Ernie Misner's Avatar
 
Join Date: Jul 2002
Location: Tacoma, WA
Posts: 5,037
Gallery
My Gallery
Models
My Models
Ratings
My Feedback
Default RE: low friction servos

Similar servos with different speeds are going to turn differently, by hand, because of the different gear ratios. The slower servo with more torque is bound to turn harder by hand.

Ernie
Ernie Misner is offline  
Reply With Quote
Old 10-24-2004, 02:27 PM
  #14  
freestyle
Junior Member
Thread Starter
 
Join Date: Sep 2002
Location: Redmond, WA
Posts: 17
Gallery
My Gallery
Models
My Models
Ratings
My Feedback
Default RE: low friction servos

Ernie: but how do you know which servos have the same motors inside? It seems to me there's too many other variables at work for that rule of thumb (which I agree is based on a sound principle) to actually be useful.

Dirtybird: You're right that the 3050 uses a cored motor - so maybe it's not going to be suitable. But that's why I'm asking. I'm hoping for an anwer based on experience rather than theory (no offense - I do appreciate your trying to help). The problem with theories is that they don't always take into account all of the variables at work. For example you say that there SHOULD be no difference between digital and non-digital coreless servos in this regard, but as I mentioned earlier, my 9252s move considerably more freely than my 9202s, and both are coreless. The 9252 is both faster AND stronger than the 9202, so both the gearing and the motor are probably different, as well as other design variables that affect damping. So while theories are interesting they don't give me the confidence I need to my wallet and plunk down a couple hundred bucks for some servos.

Does anyone actually have a 3050 they can experiment with?
freestyle is offline  
Reply With Quote
Old 10-25-2004, 02:01 AM
  #15  
Ernie Misner
 
Ernie Misner's Avatar
 
Join Date: Jul 2002
Location: Tacoma, WA
Posts: 5,037
Gallery
My Gallery
Models
My Models
Ratings
My Feedback
Default RE: low friction servos

Good point.... hard to tell if the motors are exactly the same. Sometimes we get good clues that they are though, when the servos have similar numbers, weight, price, etc., but one servo will have slightly more torque but less speed than the other. The replacement gear set will be a little different. You guys sure are right about radical differences in some though!

Ernie
Ernie Misner is offline  
Reply With Quote
Old 10-25-2004, 12:56 PM
  #16  
dirtybird
My Feedback: (5)
 
Join Date: Jan 2002
Location: San Tan Valley, AZ
Posts: 5,768
Gallery
My Gallery
Models
My Models
Ratings
My Feedback
Default RE: low friction servos

If you don't believe in theory I am afraid you will have to plunk down your money and try it yourself.
dirtybird is offline  
Reply With Quote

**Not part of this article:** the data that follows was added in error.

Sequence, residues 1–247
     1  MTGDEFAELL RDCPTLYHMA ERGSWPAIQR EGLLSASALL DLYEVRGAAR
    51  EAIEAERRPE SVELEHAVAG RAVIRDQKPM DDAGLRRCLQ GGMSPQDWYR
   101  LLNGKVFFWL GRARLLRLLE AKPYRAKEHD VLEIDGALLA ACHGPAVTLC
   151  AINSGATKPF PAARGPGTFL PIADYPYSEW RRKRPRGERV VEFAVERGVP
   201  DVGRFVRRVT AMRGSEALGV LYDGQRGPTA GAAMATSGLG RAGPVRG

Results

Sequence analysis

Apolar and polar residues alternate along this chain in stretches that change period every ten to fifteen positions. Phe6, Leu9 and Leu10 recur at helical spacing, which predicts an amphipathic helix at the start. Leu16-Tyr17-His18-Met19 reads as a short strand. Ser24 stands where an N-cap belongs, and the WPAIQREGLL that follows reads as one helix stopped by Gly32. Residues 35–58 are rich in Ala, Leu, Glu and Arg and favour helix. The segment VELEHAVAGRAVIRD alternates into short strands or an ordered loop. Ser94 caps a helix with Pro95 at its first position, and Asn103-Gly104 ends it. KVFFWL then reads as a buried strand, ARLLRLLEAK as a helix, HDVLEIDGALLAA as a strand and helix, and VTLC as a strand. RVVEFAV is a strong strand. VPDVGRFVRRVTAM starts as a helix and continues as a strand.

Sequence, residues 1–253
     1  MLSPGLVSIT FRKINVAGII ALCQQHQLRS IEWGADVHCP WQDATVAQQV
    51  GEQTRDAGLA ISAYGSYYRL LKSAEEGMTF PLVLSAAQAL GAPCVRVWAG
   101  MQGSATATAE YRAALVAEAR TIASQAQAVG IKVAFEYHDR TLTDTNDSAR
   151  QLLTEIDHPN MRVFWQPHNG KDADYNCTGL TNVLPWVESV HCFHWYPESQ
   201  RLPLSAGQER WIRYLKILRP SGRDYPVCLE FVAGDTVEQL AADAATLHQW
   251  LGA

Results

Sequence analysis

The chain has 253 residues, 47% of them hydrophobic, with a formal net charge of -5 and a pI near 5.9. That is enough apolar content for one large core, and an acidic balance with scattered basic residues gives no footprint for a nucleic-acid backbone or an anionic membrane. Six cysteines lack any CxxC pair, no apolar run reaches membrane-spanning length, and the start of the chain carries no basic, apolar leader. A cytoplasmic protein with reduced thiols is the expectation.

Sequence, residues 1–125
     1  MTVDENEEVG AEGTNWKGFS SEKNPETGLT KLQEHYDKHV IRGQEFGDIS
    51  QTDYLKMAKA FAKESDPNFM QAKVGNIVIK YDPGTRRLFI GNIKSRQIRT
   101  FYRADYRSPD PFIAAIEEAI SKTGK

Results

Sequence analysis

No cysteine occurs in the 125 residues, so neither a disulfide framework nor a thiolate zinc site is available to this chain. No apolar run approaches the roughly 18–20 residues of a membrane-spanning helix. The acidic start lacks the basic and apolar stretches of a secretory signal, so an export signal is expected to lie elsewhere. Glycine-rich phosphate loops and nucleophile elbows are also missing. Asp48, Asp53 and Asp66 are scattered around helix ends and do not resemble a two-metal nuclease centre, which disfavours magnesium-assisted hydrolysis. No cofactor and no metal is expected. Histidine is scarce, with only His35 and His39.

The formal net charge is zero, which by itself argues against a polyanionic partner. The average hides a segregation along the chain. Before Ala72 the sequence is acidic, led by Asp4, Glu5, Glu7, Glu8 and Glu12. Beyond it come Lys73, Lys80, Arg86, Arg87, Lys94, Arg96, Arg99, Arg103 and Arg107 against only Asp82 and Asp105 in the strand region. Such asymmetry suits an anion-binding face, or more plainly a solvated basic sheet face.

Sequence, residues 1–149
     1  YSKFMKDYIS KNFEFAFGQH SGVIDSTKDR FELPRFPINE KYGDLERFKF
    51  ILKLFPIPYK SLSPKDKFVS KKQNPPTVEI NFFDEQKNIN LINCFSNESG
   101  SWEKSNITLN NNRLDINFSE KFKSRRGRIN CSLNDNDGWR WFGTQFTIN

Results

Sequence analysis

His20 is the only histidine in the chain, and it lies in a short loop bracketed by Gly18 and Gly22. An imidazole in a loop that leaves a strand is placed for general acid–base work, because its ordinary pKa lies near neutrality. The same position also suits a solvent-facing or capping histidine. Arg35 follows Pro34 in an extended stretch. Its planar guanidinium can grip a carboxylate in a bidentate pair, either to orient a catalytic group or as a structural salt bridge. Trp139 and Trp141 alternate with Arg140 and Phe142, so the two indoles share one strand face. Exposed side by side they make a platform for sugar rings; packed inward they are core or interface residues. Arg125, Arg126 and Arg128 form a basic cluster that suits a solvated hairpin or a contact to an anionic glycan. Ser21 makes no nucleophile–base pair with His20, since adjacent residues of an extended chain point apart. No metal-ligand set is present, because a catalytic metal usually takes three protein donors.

Old 10-26-2004, 12:52 AM
  #17  
freestyle
Junior Member
Thread Starter
 
Join Date: Sep 2002
Location: Redmond, WA
Posts: 17
Gallery
My Gallery
Models
My Models
Ratings
My Feedback
Default RE: low friction servos

Dang dirtybird... it's not that I "don't believe in theory..." Except the theory about there being no difference between digital vs non digital coreless servos. I have the counterexamples to that theory sitting in front of me. Theories are helpful, but when they don't agree with experience they can't be taken very seriously.

I came here hoping that someone's first-hand experience could save me some buyer's remorse. And I'm still hoping! But I guess the 3050 is too new and/or too unpopular for many people to know about them.

How about Hitec 925s? Anyone here have those? How do they compare to other servos? They're fast and coreless, which is encouraging...

Thanks all....
freestyle is offline  
Reply With Quote
Old 11-26-2004, 01:02 AM
  #18  
freestyle
Junior Member
Thread Starter
 
Join Date: Sep 2002
Location: Redmond, WA
Posts: 17
Gallery
My Gallery
Models
My Models
Ratings
My Feedback
Default RE: low friction servos

FWIW, I bought some 925s to experiment with. They're Hitec's fast coreless analog servo. They move more freely than the 645s (torquey and cored) but nowhere near as freely as the 9252s.
freestyle is offline  
Reply With Quote
Old 11-27-2004, 02:06 PM
  #19  
Ernie Misner
 
Ernie Misner's Avatar
 
Join Date: Jul 2002
Location: Tacoma, WA
Posts: 5,037
Gallery
My Gallery
Models
My Models
Ratings
My Feedback
Default RE: low friction servos

Does moving "freely" by hand (backwards compared to the motion coming from the motor end) mean anything besides it has a different motor and gear ratio, in other words, less losses due to friction when in operation?

Just curious,

Ernie
Ernie Misner is offline  
Reply With Quote

Posting Rules
You may not post new threads
You may not post replies
You may not post attachments
You may not edit your posts

BB code is On
Smilies are On
[IMG] code is On
HTML code is Off


Thread Tools
Search this Thread

Contact Us Archive Advertising Cookie Policy Privacy Statement Terms of Service